Hardly 1h flight from the capital and 30mn car trip lies an incredible gem: Welcome to Phong Nha!
Phong Nha is a very interesting place for its particular history: the Ho Chi Minh trail was a military supply route running from Northern Vietnam through Laos and Cambodia to the South Vietnam. The route sent weapons, manpower, ammunition and other supplies from communist-led North Vietnam to their supporters in South Vietnam during the Vietnam War. It was massively bombed during the war and people used to hide in the natural caves of the area.
It is now famous for happier reasons: its breathtaking caves and incredible Natural park.
Last but not least, it is (mark my words) super clean, not polluted and calm! Our little family of 4 (Maelle and Leandre are 10 and 8) loved every minute of it.
This should be enough information to book your room Phong Nha farmstay right away. The rooms are great and the owners make you feel really at home. They organized all our visits and offered many more options, like biking, surfing and early walks .
Most of the day visits are about 50 dollars per person, but totally worth it !
On day 1, Paradise Cave, Dark Cave, kayaking and swimming
It has 31.4km length, from 60-150m with wind, with many beautiful stalacties and stalacmites. The British Caving Association has evaluated it as the most beautiful and longest dry cave in Asia!
We did only the short tour of 1km but you can be more adventurous and go for the 4 or 7 km. Hope we can do it again when the kids will be older.
We then visited the Dark Cave and had a little spa session in a mud bath before a healthy lunch break. Then we all had a great time jumping in the cold, turquoise water from the zip line and kayaking around.
Day 2: A day trip to the National park!
We visited the Elephant Cave where our lovely guide Sara gave the kids the most lively course on sedimentation. Then we explored the jungle for a couple of hours (make sure you have the right hiking shoes, long trousers and socks so the leeces don’t pay you a bloody visit!) before exploring another cave. And don’t forget the mosquito repellent!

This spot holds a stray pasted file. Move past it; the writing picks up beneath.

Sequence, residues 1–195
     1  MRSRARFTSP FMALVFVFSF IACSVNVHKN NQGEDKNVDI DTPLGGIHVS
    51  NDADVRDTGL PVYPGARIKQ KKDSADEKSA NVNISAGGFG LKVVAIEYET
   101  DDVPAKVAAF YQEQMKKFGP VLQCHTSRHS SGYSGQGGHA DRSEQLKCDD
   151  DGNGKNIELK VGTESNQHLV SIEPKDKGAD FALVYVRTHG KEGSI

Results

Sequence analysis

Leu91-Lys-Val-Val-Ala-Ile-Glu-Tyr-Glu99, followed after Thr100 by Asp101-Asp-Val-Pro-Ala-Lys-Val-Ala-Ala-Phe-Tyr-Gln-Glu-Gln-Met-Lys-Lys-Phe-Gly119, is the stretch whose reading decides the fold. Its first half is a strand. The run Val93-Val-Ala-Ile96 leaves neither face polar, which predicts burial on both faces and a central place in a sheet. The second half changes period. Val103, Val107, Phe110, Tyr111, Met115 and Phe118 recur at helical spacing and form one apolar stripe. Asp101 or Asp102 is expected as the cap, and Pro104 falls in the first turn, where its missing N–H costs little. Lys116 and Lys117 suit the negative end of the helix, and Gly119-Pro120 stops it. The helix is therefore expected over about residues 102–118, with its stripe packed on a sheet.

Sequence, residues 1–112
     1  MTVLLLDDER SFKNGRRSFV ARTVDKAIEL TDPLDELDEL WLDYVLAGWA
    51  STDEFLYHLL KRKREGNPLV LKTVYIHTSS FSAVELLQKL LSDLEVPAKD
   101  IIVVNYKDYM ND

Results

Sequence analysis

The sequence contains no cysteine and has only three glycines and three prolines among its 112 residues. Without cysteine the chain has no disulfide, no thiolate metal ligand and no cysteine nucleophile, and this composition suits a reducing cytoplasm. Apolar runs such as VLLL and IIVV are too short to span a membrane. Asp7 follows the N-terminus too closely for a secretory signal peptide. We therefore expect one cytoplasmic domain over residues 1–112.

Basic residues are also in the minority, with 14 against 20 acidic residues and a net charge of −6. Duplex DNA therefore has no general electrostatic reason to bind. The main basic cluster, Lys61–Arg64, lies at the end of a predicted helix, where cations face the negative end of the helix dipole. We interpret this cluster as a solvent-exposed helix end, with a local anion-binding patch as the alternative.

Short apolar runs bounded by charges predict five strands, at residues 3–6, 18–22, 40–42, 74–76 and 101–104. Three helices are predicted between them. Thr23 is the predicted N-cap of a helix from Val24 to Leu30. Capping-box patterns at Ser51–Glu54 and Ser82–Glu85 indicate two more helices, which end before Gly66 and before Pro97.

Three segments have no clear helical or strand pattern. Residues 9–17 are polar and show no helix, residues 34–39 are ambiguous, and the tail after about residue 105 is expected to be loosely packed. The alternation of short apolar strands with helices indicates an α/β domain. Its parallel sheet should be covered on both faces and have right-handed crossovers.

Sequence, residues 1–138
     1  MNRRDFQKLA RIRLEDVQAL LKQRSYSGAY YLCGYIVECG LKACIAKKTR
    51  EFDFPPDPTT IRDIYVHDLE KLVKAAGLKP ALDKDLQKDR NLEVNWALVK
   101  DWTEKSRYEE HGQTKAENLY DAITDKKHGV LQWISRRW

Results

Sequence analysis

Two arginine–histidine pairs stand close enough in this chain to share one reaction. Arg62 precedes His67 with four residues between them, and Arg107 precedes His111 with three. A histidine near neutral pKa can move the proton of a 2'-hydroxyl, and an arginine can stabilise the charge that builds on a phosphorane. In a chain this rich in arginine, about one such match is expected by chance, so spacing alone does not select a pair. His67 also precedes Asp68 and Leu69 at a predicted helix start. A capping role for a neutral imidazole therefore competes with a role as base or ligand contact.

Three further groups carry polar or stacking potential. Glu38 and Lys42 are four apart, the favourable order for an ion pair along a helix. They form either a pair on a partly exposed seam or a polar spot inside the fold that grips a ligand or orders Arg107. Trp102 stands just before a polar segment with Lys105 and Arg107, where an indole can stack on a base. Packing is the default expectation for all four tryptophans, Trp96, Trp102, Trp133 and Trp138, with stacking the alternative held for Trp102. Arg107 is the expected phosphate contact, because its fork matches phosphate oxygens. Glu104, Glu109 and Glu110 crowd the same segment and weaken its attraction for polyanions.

Our 8 and 10 y.o. loved the hiking, jumping and rock climbing but, I wouldn’t recommend it for young children. Especially if it has rained before, as it can get a bit challenging.
Day 3: Half day trip to the rubber taping plantation.
We needed to recover from the previous hike so this was enough. Impressive (little) journey to the plantation where the kids learnt how to tap rubber and had a little swing over the green mountains before chilling by the pool.
We had the afternoon off to learn about de-mining. You can ask Ben, from the Phog Nga Farmstay, to help you in booking a visit with the deminers from MAG.
Special mention for our guides from Jungle Boss who were super professional. If you get a chance to tour with Sarah (that’s her English name), ask her about her English classes. Twice a week, she is also teaching kids of her village, between 8 and 13. Most of the parents have left the province to work in factories in Japan and Korea, and have been away from their kids for 2 years, so most of these kids live with their grand parents.
Sarah was super excited to invite us to her class so her students could eventually practice with “natives”. My kids turned into teachers and played with their new friends for 2 hours and it was such a fun experience. I am sure she would be delighted to have you, too. Don’t be shy, ask, and I garantee you a really great time!